Other independent lawyers, too, agree with this argument. "As the institution of Judicial Council is created by Constitution, there are constitutional provisions for appointment, tenure and removal of the members. Among five members of council three are ex-officio members who do not have fixed tenure but two members have fixed tenure of four years," said constitutional lawyer Bhimarjun Acharya. "Fundamental question regarding this debate, how can an ex-officio member of the council demand resignation of a person - whose tenure is fixed by constitution? This provision has been placed there to make judiciary independent. There is no role of executive in appointment of judges as judges are appointed under the nomination of Judicial Council."
As Maoist minister Gurung is holding a long list of newly aspirant pro-Maoist cadres for the position of judges, he requires majority in the council. If minister Gurung is able to appoint his own henchman in the position of Motikazi Sthapit, he can manipulate the remaining member in the fold to take the decision on the basis of majority.
"The stand taken by Motikazi Sthapit is not for his personal benefit but guided by his commitment to the constitution for which he has taken oath," said Acharya. "If he resigns, other judges, too, will be coerced to do so. The most important thing at this crucial juncture is the question of safeguarding the independence of judiciary."
Although Sthapit's issue was raised in the Legislative Parliament by the leading member Radheshyam Adhikary and others, Minister Gurung continues putting all kinds of mental pressure upon Sthapit to resign.
"As he is in the last leg of his career, Motikazi Sthapit as an individual has nothing to lose even if he is forced to resign but his resignation will harm the independence of judiciary," said Basnet.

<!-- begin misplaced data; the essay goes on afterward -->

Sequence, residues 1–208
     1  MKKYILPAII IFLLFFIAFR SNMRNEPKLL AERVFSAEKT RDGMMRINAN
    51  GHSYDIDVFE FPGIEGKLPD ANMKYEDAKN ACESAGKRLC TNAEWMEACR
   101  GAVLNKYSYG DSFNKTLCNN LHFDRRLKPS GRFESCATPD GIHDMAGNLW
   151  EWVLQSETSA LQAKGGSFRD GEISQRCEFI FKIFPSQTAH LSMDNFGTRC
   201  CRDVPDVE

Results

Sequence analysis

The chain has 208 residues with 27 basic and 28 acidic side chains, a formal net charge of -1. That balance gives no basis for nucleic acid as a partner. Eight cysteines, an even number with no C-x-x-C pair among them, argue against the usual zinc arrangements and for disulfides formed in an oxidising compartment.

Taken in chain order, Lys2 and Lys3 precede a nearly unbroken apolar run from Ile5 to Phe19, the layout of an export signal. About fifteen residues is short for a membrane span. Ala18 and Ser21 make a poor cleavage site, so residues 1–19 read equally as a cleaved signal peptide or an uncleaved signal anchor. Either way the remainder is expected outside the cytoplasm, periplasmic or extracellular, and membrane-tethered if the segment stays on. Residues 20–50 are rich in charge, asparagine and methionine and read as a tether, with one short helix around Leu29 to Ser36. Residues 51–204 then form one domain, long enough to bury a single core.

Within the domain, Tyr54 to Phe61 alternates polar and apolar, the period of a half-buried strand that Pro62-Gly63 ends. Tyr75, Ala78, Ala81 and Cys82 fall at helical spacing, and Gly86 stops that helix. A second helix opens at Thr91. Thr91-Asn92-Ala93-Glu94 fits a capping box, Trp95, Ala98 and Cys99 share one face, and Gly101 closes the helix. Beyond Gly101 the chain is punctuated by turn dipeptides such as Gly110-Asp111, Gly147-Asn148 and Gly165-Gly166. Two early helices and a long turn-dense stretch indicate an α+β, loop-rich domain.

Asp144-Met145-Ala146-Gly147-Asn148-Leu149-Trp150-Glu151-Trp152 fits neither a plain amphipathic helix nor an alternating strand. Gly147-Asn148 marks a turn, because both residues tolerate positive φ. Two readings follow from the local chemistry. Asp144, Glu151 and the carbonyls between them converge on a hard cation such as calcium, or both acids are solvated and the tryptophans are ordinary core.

Lawyers argue that the issue raised now, therefore, that the person appointed by a prime minister of a party has to immediately resign after the change of government is a notion directly against the concept of judicial independence.
"The supremacy of party in the appointment process against the concept of autonomous recommendatory body does not respect the very fundamental concept of independence of judiciary. Therefore, the key issue now reflects the direct ideological concept- classical communism vis-a-vis democratic norms respecting the independent of judiciary. It has to be remembered that the controversy of constitutional incorporation of parliamentary hearing has a remote linkage with the notion of judicial independence maintained under appointment process through the recommendation of an independent and autonomous entity like judicial council, which has the representation of parliamentary members and the government through the minister of law and justice," said a lawyer.
Such arguments were raised in a recently filed petition in the supreme court by amicus curie while the hearing was conducted by the Supreme Court against incorporation of parliamentary hearing through the constitutional amendments and references were made about similar arguments presented by the Canadian and Australian jurists against proposed changes in their judicial appointment process also.
"Similar controversy has arisen with regard to appointment process in Canada and Australia also. The jurists of these countries have strongly resisted against introduction of parliamentary hearing in the appointment process under an American model simply because the process adopted to appoint through an independent commission, in itself, incorporates parliamentary representations also, which American mode does not," said Dr. Surya Dhungel, a constitutional expert.
Means for Removal
"If the Maoist minister wants Sthapit's removal, why does he not table the motion for impeachment? The resignation is not a voluntary thing that one can coerce someone to do whose tenure is already fixed by constitution," said a legal analyst.
Once a person is appointed, his position is guaranteed by constitution not by anybody's whim. Even with the change of PM, it cannot affect the person. "It is surprising that at this controversial period, a prime minister wanted to see a person who is strongly taking a position based on inherent constitutional responsibilities vested on him."
Surprisingly, nobody is questioning the justification and legitimacy of mysterious call from the prime minister who never tried to see him before this incident took place. Should prime minister call him? Nobody has challenged the prime minister.
If the government or prime minister is seriously considering removing him, he should convince the legislative parliament on the motion for impeachment.
Question of Sthapit
Senior advocate Sthapit had been attorney general during three prime ministers Krishna Prasad Bhattarai, Girija Prasad Koirala and Sher Bahadur Deuba after the political change of 1990. As attorney general does not have any fixed tenure, Sthapit resigned instantly following the change in the government. But, his membership in Judicial Council has fixed tenure, therefore, he has taken a constitutional stand.